Heap leaching is used when the ore contains a lower grade of mineral content. The basic process is as follows:

  1. Low grade ore can be dumped directly on a leach pad (this method is called run of mine) or can be crushed and stacked on top of slightly sloped ground that has been lined with an impermeable plastic.
  2. A leaching solvent, commonly a weak cyanide solution, is then applied to the surface of the ore heap using drip irrigation.
  3. As the solvent percolates through the ore heap, the precious metals dissolve into the solution and travel to storage ponds at the base of the leach pad – a process that can take upwards of two months.
  4. Once collected, this gold-bearing solution is pumped to process facilities where the gold is extracted using a process known as carbon stripping or collection on carbon.
  5. Cyanide levels are readjusted in the leftover or barren solution so it can be recycled back into the leach cycle.

Mill processing is used when the ore contains a higher grade of mineral content. The basic process is as follows:

  1. We feed ore into a series of crushers and grinding mills to reduce the size of the ore particles and expose the mineral. Water is also added, which turns the ore into a slurry.
  2. We send this slurry to leaching tanks, where we add a weak cyanide solution to the slurry, which leaches gold and silver into the solution. This process recovers up to 93 percent of the gold and 70 percent of the silver from the ore. Carbon granules are then added to the solution. The gold attaches to the carbon and is pulled from the solution.
  3. We then “strip” the gold from the carbon by washing it with a caustic cyanide solution. The carbon is later recycled.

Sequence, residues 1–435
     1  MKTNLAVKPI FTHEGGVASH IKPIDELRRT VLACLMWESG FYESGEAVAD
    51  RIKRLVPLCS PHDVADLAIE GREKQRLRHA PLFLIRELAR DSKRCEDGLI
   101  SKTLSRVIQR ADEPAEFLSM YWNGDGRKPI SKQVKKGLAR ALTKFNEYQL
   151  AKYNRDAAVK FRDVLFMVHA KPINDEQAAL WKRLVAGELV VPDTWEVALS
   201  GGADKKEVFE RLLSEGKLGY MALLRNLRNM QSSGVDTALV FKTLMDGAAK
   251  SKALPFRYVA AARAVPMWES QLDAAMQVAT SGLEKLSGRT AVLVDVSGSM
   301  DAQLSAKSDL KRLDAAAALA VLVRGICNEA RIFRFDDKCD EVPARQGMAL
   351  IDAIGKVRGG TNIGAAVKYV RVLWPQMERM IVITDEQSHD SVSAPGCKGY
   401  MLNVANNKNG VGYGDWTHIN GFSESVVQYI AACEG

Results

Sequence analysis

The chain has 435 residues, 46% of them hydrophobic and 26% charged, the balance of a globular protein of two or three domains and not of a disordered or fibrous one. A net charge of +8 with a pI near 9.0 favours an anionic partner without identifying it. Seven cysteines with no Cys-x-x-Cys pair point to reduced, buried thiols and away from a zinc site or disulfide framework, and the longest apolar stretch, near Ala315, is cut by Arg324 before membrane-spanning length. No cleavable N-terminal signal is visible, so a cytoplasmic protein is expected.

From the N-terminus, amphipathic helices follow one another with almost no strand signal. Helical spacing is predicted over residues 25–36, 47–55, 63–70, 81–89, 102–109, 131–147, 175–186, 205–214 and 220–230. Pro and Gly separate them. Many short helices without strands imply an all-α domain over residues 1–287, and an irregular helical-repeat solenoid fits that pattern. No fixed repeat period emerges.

4. Next, we pump the gold-bearing solution through electrowinning cells, in a process that uses an electric current to recover metals from the solution.
  5. After the ore has been processed and gold extracted, the leftover waste material, called tailings, contains small amounts of cyanide and other chemicals, so must be disposed of in an environmentally safe way. The tailings are stored in tailings dams, which are lined with impermeable layers. Although the cyanide levels in the dams are safe, steps are taken to keep wildlife away from the dams. Over time, the chemicals break down, the solids settle to the bottom and the water can be returned to the plant to be reused in processing.
  6. We then smelt the gold, melting it in a furnace at about 1,200 degrees Fahrenheit.
  7. From there, the liquid gold is poured into molds, creating doré bars. Doré bars are unrefined gold bullion bars containing anywhere from 60 to 95 percent gold.
  8. Finally, we send the bars to a refinery for further processing into pure gold.

The purpose of this post-closure period is to ensure that all reclaimed mine lands, water management structures and revegetation are working as intended. Additionally, reclamation and long-term stabilization often occur incrementally, requiring a phased approach as well as ongoing performance monitoring. There are maintenance activities to be conducted to address erosion, and monitoring to ensure that post-closure performance criteria are being met and intended land uses are being achieved. Normally, there are financial surety instruments in place, which require that Newmont demonstrate successful closure in order to be released from financial liability. In many cases, long-term water management obligations require active water treatment and monitoring that could last for decades. In such cases, financial trusts are often established in cooperation with regulatory agencies to ensure adequate funding for personnel, supplies and equipment to fulfill these ongoing obligations.

During this stage, engagement activities with the local communities continue, and emphasize monitoring, land use and information about on-site activities. Communities are obviously still interested in site activities and often participate in reviewing technical issues and decision making. In some cases, a small number of people remain employed, depending on on-site activities, which often translates into local purchases of goods and services and payment of fees and property taxes.

With sound planning and a focus on sustainability, the mine and the community will have collaboratively set the foundation for life after the mine’s closure.